William Eichler 09 February 2017

Crisis-hit social care system faces ‘total collapse’ post Brexit

Crisis-hit social care system faces ‘total collapse’ post Brexit image

Britain’s crisis-hit social care system could face ‘total collapse’ without adequate post-Brexit plan, says union.

A new report by the Institute for Public Policy Research (IPPR) has revealed an estimated 55,000 care workers are EU nationals, many of whom face an uncertain future in the UK due to questions over freedom of movement.

In addition to the possible loss of these care workers, IPPR’s report found the UK needs to recruit 1.6 million low-skills health and social care workers - two-thirds of the current workforce up to 2022.

Responding to IPPR’s findings, the public sector union GMB has urged Theresa May to pledge the necessary funding to train and recruit new care workers post Brexit.

‘Our social care system is already teetering on the brink of collapse - and post Brexit there is the potential for it to topple over altogether,’ said Rehana Azam, GMB national secretary for public services.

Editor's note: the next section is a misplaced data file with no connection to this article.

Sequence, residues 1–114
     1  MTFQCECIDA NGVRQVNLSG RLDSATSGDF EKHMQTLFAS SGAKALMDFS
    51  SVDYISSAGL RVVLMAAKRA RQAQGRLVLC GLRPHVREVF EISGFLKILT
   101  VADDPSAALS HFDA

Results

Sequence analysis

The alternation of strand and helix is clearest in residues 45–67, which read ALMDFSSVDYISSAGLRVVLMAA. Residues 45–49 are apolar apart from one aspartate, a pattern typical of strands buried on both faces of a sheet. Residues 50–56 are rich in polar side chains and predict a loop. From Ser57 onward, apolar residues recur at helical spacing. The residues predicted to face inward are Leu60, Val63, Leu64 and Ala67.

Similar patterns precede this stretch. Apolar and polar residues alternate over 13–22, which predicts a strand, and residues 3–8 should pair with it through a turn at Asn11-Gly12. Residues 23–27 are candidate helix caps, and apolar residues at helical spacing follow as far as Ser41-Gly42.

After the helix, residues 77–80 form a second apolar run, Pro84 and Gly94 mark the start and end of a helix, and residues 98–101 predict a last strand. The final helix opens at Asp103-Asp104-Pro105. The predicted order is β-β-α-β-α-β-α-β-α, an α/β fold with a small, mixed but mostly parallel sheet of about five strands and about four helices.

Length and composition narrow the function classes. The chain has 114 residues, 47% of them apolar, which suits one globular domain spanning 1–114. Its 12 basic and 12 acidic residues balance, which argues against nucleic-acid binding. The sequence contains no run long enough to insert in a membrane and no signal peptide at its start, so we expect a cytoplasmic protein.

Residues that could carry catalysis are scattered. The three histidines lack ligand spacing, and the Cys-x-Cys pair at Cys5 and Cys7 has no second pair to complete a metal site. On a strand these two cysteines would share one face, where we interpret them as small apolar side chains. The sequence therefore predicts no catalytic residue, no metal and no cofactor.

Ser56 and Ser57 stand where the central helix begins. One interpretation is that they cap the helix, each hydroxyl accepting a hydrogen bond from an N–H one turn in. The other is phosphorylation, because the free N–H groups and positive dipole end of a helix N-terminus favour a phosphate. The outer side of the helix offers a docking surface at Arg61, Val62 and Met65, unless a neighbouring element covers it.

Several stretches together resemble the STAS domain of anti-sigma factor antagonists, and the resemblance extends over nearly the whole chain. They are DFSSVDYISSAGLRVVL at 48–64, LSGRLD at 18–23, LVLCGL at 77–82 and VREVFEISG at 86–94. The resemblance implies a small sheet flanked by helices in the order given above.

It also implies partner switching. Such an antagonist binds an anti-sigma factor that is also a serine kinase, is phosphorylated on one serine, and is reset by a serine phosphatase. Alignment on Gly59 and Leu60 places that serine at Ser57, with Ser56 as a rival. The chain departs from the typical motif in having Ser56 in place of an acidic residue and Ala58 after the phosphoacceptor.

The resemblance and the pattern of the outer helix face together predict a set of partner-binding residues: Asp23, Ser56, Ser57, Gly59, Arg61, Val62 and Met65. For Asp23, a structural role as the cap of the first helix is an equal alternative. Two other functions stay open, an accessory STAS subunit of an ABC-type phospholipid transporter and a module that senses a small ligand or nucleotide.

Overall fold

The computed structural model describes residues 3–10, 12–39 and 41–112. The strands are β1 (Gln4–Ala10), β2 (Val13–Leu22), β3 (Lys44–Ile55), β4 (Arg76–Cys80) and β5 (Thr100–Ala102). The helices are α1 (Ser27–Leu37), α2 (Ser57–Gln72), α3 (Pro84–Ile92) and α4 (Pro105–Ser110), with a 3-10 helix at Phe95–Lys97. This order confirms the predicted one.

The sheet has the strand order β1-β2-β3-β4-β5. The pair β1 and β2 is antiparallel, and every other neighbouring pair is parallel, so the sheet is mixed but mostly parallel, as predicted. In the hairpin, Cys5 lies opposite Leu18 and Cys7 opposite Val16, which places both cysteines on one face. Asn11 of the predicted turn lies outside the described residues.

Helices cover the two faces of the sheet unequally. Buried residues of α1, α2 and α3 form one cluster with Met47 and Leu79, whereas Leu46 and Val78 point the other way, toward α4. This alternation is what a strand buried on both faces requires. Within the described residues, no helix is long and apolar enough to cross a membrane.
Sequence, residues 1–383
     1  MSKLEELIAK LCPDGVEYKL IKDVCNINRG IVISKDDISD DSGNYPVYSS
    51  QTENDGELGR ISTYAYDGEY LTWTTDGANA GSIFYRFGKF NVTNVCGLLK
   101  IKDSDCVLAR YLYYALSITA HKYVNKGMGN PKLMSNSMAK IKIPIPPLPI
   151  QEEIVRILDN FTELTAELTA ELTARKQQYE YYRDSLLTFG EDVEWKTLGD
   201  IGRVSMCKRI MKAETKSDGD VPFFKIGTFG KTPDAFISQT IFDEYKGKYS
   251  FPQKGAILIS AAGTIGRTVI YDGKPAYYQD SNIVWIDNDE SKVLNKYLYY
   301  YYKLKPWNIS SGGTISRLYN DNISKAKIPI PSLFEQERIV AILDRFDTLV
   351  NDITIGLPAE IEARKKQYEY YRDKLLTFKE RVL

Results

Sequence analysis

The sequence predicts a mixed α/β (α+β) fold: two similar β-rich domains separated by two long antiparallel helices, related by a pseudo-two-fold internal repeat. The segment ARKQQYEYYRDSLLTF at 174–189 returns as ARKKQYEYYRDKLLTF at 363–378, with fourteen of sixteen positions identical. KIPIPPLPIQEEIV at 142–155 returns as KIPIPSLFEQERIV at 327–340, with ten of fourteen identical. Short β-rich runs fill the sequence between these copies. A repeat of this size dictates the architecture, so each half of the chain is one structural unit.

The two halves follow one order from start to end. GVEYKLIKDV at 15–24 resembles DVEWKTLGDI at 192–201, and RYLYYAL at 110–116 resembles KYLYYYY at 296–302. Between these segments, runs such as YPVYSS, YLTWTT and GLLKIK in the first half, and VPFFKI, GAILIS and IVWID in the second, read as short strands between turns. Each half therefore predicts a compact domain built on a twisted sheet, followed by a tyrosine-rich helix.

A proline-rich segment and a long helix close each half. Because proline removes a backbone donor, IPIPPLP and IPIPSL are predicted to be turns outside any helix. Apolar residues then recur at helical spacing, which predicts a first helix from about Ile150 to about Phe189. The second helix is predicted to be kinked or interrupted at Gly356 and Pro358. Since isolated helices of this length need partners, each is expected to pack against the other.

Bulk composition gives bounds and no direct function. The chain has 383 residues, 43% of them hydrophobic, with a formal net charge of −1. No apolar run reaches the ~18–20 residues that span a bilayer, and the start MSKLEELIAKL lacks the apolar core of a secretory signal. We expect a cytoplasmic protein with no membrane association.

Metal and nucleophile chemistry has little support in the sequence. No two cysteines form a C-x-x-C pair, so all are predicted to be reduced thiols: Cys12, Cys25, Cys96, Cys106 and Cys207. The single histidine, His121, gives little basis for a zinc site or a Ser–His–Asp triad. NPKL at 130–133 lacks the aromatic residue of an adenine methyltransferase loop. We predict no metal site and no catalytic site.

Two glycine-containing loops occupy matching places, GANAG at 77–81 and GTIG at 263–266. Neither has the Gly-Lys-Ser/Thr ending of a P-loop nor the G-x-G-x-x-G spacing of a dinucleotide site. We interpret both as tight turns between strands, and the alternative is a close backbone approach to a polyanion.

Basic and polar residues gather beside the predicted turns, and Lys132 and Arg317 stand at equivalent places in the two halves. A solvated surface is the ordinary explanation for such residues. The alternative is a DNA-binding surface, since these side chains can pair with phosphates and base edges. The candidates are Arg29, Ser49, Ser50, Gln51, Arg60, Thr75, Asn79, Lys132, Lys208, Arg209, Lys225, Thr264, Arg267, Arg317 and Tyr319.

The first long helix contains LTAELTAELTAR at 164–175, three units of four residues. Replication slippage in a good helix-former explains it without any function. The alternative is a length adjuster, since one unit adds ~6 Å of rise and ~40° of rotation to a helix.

‘We desperately need well-trained, highly motivated care workers to help take care of our ageing population.

‘If we lose tens of thousands of existing workers after leaving the EU the situation will become critical.’

‘Instead of holding hands with Donald Trump and refusing to publish details of her proposed Brexit plan, Theresa May must make a cast iron pledge to give our social care sector the financial backing it urgently needs - whatever happens after leaving the European union,’ Ms Azam added.

‘Persistent underfunding in the adult social care sector has led to a reliance on a low-paid, often poorly trained workforce, with care workers some of the lowest paid workers in the country,’ said Clare McNeil, IPPR associate director for families and work.

‘The sector will have a huge challenge on its hands to recruit enough workers to keep pace with demand, particularly with expected lower levels of migration.

‘We are calling for a radical change in workforce strategy - both to improve working conditions to attract more workers and to raise standards in the sector.’

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